They urged us to beep the horn and shouted words of encouragement from their lawn chairs, tipping their beer cans in honor of the great American Mustang.

I tried to tell them that I was just trying to grab some dinner with the family. Nobody heard me.

And, Siam Spicy was closed that night. So the trip was all for naught.

But the Mustang got one of its last moments of glory.

It's seen its days in various mechanic shops over the years. It has had brake jobs, new starters installed, new exhaust systems and sundry other work. It's been the Joan Rivers of cars.

But it still turns on when I stick the key in the ignition. And it still is the car we drove our daughter home in, and you can't put a price on that.

You probably couldn't sell it now, but it never was for sale anyway.

Long live our 'Stang!

Friday, April 11, 2014

Utash: We Can Only Hope

Sometimes the 24-hour news cycle gets extended.

Sometimes it's a 48-hour or 72-hour news cycle. And, on occasion, a story manages to stay in the public's consciousness for a week or more.

News stories anymore are like pieces of pasta thrown against the wall. Only some stick.

The Stephen Utash beating has beat the 24-hour news cycle, by far. Now the question is, Will it matter?

The Utash story is right out of a novel or a made-for-TV movie.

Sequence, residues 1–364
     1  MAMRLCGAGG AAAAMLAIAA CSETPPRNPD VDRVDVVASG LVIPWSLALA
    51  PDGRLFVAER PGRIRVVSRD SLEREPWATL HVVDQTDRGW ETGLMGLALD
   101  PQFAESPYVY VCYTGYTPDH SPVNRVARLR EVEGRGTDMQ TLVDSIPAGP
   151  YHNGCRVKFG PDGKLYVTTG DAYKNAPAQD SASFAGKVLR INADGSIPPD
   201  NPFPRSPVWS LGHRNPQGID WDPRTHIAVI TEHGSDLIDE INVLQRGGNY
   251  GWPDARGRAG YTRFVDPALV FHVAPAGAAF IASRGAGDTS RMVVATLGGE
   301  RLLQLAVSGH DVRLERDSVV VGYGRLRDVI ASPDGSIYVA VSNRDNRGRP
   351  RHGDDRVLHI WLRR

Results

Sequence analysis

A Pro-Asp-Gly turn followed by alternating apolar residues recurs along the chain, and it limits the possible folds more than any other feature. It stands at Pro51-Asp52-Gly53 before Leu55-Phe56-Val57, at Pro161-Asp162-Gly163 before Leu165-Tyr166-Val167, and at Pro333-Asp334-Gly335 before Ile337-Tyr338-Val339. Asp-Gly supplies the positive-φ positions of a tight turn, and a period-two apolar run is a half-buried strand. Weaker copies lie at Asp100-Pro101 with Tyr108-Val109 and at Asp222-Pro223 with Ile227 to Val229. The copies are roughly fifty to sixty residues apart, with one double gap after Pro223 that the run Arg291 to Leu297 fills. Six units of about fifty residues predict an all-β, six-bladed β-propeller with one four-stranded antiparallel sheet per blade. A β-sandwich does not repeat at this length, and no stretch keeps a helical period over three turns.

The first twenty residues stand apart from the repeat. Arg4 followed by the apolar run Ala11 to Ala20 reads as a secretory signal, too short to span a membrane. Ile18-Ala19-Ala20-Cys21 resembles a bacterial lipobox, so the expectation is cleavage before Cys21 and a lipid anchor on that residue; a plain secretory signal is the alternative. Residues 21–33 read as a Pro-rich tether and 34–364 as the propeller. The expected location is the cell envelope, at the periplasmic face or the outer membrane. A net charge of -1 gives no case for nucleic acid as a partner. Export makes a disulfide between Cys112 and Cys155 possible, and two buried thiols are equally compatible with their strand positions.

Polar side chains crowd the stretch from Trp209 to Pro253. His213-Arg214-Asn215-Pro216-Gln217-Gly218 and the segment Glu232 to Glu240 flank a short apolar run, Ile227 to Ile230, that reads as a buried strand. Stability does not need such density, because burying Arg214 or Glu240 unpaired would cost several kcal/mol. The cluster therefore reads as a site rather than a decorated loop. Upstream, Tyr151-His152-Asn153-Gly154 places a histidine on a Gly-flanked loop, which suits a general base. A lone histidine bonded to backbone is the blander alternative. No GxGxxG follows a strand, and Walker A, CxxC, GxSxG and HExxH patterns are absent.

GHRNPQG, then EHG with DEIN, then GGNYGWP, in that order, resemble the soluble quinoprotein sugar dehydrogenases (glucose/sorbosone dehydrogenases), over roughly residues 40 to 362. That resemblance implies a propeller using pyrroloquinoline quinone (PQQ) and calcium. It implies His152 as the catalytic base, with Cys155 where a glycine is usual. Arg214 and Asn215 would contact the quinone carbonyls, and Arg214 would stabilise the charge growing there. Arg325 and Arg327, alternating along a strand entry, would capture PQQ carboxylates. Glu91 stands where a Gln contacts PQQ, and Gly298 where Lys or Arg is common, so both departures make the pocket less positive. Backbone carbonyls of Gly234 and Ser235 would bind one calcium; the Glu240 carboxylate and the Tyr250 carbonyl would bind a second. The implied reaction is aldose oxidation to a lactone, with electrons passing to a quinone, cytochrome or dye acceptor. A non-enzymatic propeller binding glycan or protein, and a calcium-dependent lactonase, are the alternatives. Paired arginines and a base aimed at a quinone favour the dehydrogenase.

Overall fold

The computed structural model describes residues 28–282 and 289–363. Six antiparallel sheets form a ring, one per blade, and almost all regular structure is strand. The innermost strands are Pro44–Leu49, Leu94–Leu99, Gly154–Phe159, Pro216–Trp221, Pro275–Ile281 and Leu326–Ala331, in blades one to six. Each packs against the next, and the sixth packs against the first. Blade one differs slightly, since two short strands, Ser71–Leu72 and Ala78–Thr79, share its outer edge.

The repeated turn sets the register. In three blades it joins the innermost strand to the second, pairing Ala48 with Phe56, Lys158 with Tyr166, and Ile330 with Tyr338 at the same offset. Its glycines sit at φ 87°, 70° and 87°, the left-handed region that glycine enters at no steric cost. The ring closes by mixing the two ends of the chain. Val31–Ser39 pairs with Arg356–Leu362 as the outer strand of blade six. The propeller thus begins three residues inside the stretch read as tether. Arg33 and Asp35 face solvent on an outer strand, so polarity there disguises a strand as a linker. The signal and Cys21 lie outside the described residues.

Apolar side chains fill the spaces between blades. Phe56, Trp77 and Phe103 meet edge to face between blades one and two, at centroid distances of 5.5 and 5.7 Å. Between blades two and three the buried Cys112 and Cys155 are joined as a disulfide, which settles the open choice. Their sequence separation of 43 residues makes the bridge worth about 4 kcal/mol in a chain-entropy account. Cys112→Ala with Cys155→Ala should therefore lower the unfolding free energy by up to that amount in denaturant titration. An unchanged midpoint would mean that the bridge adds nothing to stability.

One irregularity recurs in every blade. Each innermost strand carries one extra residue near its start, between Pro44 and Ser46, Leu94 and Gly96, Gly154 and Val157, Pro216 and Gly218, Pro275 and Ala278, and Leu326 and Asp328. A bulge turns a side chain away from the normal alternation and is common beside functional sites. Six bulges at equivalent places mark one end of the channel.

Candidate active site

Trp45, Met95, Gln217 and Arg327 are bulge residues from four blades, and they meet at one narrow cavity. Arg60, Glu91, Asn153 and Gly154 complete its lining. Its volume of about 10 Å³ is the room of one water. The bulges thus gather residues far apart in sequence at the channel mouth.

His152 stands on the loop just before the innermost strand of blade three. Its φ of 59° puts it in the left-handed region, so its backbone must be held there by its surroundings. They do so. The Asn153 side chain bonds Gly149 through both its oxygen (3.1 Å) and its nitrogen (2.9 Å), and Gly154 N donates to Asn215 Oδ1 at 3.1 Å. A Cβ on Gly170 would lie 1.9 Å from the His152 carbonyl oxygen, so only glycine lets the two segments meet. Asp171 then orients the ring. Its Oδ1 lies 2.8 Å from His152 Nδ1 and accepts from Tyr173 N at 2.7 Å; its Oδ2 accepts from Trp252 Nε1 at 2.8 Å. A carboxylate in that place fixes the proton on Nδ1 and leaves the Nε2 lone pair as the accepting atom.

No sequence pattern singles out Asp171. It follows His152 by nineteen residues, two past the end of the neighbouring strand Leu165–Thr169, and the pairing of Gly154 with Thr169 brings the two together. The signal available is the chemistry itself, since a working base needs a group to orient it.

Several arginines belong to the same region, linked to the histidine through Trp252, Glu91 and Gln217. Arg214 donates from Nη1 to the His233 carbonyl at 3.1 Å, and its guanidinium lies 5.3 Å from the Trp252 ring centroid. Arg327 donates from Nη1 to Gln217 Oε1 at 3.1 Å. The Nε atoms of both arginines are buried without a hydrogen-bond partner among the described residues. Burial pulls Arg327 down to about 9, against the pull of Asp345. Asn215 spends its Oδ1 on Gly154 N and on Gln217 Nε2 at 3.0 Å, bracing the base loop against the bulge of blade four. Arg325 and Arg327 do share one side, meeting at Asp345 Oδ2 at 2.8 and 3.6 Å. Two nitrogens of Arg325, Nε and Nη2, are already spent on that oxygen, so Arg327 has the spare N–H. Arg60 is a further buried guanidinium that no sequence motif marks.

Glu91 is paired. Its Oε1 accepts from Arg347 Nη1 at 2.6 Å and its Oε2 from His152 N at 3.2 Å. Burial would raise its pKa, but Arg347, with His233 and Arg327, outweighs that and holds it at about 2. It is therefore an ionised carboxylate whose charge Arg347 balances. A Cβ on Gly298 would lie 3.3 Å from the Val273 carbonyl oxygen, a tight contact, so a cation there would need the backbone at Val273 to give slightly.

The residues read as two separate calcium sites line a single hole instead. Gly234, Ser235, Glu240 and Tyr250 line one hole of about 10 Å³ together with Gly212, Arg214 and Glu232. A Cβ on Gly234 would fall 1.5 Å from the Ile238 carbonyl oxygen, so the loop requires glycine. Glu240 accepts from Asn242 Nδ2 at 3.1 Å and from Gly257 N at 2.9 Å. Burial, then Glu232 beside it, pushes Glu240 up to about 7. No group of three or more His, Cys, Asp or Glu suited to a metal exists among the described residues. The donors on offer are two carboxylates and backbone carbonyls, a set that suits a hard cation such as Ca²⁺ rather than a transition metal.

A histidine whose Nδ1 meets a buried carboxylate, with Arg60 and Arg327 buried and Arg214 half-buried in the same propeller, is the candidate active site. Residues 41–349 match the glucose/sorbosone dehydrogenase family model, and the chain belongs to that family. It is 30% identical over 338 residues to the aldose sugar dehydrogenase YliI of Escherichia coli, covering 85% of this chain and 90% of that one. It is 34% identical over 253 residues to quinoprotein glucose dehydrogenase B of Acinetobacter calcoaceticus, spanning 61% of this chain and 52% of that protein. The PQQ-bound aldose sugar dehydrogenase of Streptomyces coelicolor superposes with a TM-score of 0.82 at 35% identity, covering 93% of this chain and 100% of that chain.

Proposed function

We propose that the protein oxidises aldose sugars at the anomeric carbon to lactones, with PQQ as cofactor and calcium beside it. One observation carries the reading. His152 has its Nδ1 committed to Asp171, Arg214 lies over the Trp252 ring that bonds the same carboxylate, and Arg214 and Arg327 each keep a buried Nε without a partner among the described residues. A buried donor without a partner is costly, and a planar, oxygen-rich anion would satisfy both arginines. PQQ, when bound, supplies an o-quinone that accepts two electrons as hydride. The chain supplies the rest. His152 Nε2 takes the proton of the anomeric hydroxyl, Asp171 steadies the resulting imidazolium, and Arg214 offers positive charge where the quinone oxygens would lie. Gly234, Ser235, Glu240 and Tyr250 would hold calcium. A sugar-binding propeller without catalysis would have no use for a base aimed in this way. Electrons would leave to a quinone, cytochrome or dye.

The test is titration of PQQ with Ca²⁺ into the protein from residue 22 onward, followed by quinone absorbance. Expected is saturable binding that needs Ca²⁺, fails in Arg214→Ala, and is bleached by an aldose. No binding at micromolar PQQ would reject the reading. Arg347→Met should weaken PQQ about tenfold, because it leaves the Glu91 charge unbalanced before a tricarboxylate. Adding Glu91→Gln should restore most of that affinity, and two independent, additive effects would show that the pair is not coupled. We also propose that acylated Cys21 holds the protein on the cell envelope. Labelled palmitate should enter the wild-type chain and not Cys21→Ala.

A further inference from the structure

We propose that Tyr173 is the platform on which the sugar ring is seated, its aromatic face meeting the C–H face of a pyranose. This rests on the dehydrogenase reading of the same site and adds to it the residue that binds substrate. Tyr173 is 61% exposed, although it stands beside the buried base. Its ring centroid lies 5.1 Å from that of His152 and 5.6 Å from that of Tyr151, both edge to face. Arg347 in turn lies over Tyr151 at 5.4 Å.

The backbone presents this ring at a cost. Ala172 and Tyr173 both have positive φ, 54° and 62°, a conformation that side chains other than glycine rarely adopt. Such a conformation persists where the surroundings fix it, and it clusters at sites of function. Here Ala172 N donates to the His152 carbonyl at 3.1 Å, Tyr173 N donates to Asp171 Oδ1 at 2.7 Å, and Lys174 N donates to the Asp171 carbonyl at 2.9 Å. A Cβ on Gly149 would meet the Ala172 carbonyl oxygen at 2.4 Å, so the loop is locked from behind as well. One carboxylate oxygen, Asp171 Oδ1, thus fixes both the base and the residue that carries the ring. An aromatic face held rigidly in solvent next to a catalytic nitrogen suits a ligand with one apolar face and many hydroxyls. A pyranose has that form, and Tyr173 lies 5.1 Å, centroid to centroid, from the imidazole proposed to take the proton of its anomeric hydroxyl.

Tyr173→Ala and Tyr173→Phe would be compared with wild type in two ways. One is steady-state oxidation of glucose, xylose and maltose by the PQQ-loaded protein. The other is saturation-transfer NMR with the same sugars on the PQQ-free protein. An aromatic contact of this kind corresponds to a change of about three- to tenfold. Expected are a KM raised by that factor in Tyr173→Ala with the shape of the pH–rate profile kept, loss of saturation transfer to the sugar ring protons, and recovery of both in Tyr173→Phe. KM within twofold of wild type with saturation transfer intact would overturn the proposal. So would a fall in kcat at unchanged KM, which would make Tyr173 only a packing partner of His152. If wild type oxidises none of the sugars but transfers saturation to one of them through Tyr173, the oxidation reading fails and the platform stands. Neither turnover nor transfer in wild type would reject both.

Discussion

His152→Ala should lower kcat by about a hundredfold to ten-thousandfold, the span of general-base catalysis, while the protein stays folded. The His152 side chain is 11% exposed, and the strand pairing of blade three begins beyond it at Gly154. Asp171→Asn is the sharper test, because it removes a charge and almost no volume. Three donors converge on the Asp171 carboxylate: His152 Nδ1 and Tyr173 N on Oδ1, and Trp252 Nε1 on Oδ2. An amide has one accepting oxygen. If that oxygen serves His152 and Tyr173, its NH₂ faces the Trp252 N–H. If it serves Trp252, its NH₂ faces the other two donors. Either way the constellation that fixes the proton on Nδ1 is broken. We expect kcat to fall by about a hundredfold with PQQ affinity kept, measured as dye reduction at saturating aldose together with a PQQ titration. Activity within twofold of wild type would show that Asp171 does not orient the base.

White suburbanite hits a young black boy with his pickup truck, in the city. The suburbanite stops to check on the condition of the boy and is then beaten senseless, perhaps to death (that's a part of the story that has yet to be resolved), by a mob of black men.

It's a story that almost had to happen, to provide the most recent litmus test of where we are as a society, particularly when it comes to violence and race relations.

The elements are all there, and if they weren't, the story wouldn't work as well. It would be a flawed test.

The driver was white, the hit boy was black. That's the only way this can work. Any other combo would either not tell us anything we don't already suspect, or it would be less newsworthy.

The white man is beaten by a mob of black men. Again, reverse it, and it's just another example of what so many people already suspect, and what so many other people vigorously try to defend.

The person who intervened and got the mob to stop beating the white man was a black female nurse. Author, author!

The white man lies in a medically-induced coma as the suspects are rounded up. Score another for the fiction writer.

Oh, and whites and blacks come together in churches around town and try to pray the violence away. Money is being raised for the white man's medical bills. Not bad, not bad at all.

And Detroiters did it all by themselves. They didn't need anyone to zoom into town to rally the troops.

The author did a bang up job on this one.

Ah, but it's all true.


Steve Utash

The Utash beating has a shot---an actual, legitimate shot---at bringing white and black folks together in an effort to take a collective look in the proverbial mirror.